.\nssm.exe set $KubeletSvc AppParameters --hostname-override=$Hostname --v=6 --resolv-conf=""  --enable-debugging-handlers --cluster-dns=$KubeDnsServiceIP --cluster-domain=cluster.local --kubeconfig=c:\k\config --hairpin-mode=promiscuous-bridge --image-pull-progress-deadline=20m --cgroups-per-qos=false  --log-dir=$LogDir --logtostderr=false --enforce-node-allocatable="" --network-plugin=cni --cni-bin-dir=c:\k\cni --cni-conf-dir=c:\k\cni\config

.\nssm.exe set $KubeletSvc AppDirectory C:\k

.\nssm.exe start $KubeletSvc

# register & start kube-proxy

.\nssm.exe install $KubeProxySvc C:\k\kube-proxy.exe

.\nssm.exe set $KubeProxySvc AppDirectory c:\k

GetSourceVip -ipAddress -NetworkName $NetworkName

$sourceVipJSON = Get-Content sourceVip.json | ConvertFrom-Json

$sourceVip = $sourceVipJSON.ip4.ip.Split("/")[0]

.\nssm.exe set $KubeProxySvc AppParameters --v=4 --proxy-mode=kernelspace --feature-gates="WinOverlay=true" --hostname-override=$Hostname --kubeconfig=c:\k\config --network-name=vxlan0 --source-vip=$sourceVip --enable-dsr=false --cluster-cidr=$ClusterCIDR --log-dir=$LogDir --logtostderr=false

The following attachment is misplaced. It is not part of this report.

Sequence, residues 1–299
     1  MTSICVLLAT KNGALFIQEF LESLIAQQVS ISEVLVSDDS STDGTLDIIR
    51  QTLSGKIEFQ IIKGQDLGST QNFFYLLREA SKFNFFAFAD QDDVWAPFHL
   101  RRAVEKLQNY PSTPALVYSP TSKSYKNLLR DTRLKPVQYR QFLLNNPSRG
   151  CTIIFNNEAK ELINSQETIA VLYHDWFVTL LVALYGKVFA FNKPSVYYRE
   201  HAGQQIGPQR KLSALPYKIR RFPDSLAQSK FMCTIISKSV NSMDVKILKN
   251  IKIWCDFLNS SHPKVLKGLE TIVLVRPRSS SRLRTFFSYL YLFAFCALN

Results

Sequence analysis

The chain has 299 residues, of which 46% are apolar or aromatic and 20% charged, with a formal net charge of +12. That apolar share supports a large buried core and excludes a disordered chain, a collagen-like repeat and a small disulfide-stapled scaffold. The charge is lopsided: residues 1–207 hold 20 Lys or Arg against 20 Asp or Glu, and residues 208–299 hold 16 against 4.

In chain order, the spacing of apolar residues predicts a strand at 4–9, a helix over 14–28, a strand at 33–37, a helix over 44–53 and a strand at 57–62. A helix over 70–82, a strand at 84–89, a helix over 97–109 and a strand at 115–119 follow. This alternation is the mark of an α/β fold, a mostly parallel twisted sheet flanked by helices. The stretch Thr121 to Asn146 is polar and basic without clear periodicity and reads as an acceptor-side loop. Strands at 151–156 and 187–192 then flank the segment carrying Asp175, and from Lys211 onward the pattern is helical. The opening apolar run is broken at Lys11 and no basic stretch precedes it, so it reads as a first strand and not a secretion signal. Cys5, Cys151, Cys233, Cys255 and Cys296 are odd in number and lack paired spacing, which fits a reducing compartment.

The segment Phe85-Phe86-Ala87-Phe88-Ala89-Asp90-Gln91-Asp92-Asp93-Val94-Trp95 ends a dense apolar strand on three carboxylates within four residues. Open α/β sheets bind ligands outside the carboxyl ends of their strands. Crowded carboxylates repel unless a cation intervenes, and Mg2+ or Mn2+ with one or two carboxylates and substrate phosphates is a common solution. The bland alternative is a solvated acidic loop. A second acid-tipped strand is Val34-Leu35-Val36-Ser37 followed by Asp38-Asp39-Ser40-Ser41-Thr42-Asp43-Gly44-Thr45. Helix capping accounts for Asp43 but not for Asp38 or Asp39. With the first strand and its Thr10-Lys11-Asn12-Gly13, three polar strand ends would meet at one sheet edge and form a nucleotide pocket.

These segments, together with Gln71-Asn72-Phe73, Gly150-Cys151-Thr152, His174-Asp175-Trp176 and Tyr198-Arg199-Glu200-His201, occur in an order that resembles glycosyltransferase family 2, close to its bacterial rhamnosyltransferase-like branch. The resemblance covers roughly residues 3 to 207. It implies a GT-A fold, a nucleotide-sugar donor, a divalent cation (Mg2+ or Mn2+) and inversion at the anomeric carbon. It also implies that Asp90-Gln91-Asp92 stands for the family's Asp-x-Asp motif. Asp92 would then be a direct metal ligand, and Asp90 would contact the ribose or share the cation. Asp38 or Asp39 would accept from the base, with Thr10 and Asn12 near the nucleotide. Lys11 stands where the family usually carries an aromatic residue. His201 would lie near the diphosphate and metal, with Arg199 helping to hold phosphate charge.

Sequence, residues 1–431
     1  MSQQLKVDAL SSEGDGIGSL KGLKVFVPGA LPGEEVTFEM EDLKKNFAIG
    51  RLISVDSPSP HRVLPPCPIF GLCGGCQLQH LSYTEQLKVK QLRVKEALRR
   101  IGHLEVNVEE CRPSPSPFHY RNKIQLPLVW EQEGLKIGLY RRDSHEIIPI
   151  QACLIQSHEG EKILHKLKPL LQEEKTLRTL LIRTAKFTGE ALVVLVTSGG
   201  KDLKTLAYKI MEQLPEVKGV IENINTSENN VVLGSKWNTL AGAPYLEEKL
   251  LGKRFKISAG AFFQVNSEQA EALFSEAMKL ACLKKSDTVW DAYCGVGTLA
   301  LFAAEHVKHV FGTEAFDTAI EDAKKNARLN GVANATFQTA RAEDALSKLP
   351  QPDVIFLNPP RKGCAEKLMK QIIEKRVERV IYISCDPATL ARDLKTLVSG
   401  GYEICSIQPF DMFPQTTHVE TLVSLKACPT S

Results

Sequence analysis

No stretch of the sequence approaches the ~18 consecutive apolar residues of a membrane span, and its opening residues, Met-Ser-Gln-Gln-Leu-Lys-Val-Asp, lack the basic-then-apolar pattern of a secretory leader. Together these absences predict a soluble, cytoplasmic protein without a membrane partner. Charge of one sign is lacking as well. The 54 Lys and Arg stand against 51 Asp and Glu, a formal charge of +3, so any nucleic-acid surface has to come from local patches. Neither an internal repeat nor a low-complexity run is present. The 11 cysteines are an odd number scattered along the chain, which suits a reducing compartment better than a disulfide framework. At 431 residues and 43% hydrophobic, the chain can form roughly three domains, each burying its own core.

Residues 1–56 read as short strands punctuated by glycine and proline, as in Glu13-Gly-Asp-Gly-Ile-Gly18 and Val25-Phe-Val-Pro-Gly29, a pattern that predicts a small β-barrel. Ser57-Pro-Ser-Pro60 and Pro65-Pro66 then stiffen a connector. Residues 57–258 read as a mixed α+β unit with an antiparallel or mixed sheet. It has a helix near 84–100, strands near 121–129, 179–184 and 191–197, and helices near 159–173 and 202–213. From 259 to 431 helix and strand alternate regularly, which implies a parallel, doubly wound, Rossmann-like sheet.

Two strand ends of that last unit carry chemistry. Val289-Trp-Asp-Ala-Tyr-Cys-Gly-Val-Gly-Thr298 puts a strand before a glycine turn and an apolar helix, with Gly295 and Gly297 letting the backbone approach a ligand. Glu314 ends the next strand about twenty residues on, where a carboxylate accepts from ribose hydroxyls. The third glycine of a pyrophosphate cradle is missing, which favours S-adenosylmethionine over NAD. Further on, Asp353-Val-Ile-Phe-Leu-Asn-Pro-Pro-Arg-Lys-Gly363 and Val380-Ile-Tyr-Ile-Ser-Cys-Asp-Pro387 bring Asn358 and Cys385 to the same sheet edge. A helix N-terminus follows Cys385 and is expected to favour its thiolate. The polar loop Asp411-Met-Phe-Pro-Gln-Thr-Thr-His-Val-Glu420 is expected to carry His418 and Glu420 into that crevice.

.\nssm.exe set $KubeProxySvc DependOnService $KubeletSvc

.\nssm.exe start $KubeProxySvc

To verify that you have successfully started kubelet and kubeproxy services on your Windows node, use the following command:

Get-Service kube*

You should see an output like this:

terminal output

Now when you run kubectl get nodes on your Ubuntu 18.09 master node, you should see a new Windows node added:

terminal output

To set the role for your worker node, use the following command:

sudo kubectl label node w-node1

terminal output

Now you’re all set up.

Happy Hosting!

The Author

Maab S.

Maab is an experienced software engineer who specializes in explaining technical topics to a wider audience.